‘How can we do this to our parents?’ A daughter’s plea for home care

Teena Gates has been unable to secure HSE supports for her father, Terry Martin (93)

Teena Gates and her father Terry Martin, who turns 94 next week.

Teena Gates and her father Terry Martin, who turns 94 next week.

 

The daughter of a 93-year-old man who wrote an open letter to Minister for Health Simon Harris seeking a homecare package for her father says she has been inundated with responses from people in similar situations.

Journalist and author Teena Gates said hundreds of people had been in touch since posting her open letter on social media in which she described how she was unable to secure supports from the HSE for her father, Terry Martin, who turns 94 next week.

“I’m watching, on my Facebook page, hundreds of people telling me that mine isn’t an isolated incident, that this is a common occurrence,” she told The Irish Times.

“I’ve had so many heartbroken people writing to me and posting me messages on Facebook and Twitter saying their loved ones have died while they waited for packages to get them home... How can we do this?”

Ms Gates’ father suffered a broken eye socket, an acquired brain injury and vascular dementia following a fall on April 16th. He had being experiencing the early signs of dementia since last August.

Mr Martin was transferred to Woodlands Medical Unit in Connolly Hospital on April 19th and has remained there since. Ms Gates, from Clonsilla in Dublin, said her father is doing “great” but suffers from confusion.

She said she was willing to help care for her father and pay for extra private care but had been advised that this might not be enough to ensure her father’s safety.

Ms Gates’ family applied for a homecare package after Mr Martin was admitted to Woodlands Medical Unit but have been told “funding isn’t available” and that if he leaves the hospital “he drops to the bottom of the waiting list”.

Terry Martin (93), who was transferred to Woodlands Medical Unit in Connolly Hospital following a fall on April 19th and has remained there since.
Terry Martin (93), who was transferred to Woodlands Medical Unit in Connolly Hospital following a fall on April 19th and has remained there since.

“People automatically assume that this is a doddery old man. Up until the fall, he was mowing the lawn and climbing ladders. He is such a wonderful bright, able man who has now gone from slight, early dementia to being very confused. But that’s something that I’m happy to deal with it and I want to deal with it at home,” Ms Gates told The Irish Times.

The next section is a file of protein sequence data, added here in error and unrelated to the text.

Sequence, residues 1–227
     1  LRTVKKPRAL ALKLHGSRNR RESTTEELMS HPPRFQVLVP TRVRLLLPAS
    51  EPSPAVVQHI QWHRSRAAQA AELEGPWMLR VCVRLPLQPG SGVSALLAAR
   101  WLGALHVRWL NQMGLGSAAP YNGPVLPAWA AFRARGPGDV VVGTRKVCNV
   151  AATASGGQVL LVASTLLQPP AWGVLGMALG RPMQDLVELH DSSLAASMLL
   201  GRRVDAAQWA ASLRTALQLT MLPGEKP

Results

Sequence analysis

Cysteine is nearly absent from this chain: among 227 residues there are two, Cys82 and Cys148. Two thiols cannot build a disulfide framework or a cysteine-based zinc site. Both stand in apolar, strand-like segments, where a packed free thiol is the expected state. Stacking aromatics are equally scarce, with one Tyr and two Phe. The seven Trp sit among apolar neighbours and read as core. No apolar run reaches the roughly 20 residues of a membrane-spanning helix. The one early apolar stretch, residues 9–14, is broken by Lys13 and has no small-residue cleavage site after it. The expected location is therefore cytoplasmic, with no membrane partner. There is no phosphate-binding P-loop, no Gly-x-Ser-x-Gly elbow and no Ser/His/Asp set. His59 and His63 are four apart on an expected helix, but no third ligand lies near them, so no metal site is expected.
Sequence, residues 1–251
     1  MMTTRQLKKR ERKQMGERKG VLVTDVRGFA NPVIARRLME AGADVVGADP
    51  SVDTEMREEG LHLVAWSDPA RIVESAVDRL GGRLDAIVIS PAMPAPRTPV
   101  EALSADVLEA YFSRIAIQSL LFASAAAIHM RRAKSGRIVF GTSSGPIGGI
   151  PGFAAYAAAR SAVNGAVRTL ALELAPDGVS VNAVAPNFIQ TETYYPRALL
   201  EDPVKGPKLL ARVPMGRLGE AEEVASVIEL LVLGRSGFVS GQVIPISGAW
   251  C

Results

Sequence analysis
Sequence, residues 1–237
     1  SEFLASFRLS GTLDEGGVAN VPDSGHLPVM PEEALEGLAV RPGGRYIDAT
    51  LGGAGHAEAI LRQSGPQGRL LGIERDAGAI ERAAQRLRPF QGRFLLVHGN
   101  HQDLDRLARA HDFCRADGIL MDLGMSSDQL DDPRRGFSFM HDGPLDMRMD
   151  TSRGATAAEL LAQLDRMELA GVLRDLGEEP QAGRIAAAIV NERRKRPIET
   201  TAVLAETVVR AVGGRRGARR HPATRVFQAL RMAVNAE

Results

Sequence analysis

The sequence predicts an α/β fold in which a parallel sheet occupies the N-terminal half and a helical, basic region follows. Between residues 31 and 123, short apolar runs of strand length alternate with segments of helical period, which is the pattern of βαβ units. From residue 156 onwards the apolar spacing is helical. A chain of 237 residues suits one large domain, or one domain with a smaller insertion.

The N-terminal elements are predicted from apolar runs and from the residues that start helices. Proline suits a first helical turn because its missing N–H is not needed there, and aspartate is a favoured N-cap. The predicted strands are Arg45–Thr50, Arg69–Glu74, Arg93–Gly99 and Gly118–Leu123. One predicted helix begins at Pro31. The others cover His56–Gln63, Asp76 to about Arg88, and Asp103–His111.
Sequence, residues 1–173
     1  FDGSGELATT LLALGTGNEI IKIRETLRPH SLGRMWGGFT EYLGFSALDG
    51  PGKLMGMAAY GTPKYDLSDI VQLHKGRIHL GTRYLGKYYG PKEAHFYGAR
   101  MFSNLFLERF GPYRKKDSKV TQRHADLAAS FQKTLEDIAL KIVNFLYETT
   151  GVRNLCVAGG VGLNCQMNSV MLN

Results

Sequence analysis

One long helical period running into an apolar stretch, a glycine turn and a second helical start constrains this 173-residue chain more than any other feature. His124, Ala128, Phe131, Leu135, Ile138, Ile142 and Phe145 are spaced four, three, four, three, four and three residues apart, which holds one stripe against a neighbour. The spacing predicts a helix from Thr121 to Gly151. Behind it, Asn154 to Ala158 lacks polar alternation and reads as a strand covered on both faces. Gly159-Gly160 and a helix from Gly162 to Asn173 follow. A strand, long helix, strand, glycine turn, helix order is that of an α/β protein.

Mr Martin had been living with his daughter for the last number of years until his fall.

“We have had frank and open discussions about how he wants to spend the rest of his time and that has always included his total dread of being anywhere near a nursing home,” Ms Gates said.

“We’ve had that conversation. If he can’t recognise his home, or can’t recognise me and needs to be on intravenous drugs then that’s a sign to start considering nursing homes but he has a dread of nursing homes. I have promised him that he won’t end his days in a nursing home unless it is rational to do so.”

Ms Gates said she wanted her father to have a “happy, uneventful end of life”.

“It’s deeply frustrating... I love my dad and my dad loves me and we want to spend time together.

“Every one of these minutes that I spend with him is precious and perhaps limited. Time is totally of the essence. I don’t want to be waging wars or running campaigns.

“I want to him safe and happy in a comfortable environment at home, we just need a bit of support for that to happen.”

She said staff at Connolly Hospital and social workers dealing with father have been “amazing”.

In a statement, the HSE said its Dublin North City and County office was required to work within available resources in the provision of home supports and arising from demands for services, operates a waiting list when clients were not provided with a new or additional service immediately.

“All those waiting are assessed and provided with a service, if appropriate as soon as possible having regard to their assessed needs. In addition, people being discharged from acute hospitals, who are in a position to return home with supports, are prioritised.”

Last year, the HSE delivered 2.75 million home Support hours to 6,675 older people in the north city and county area.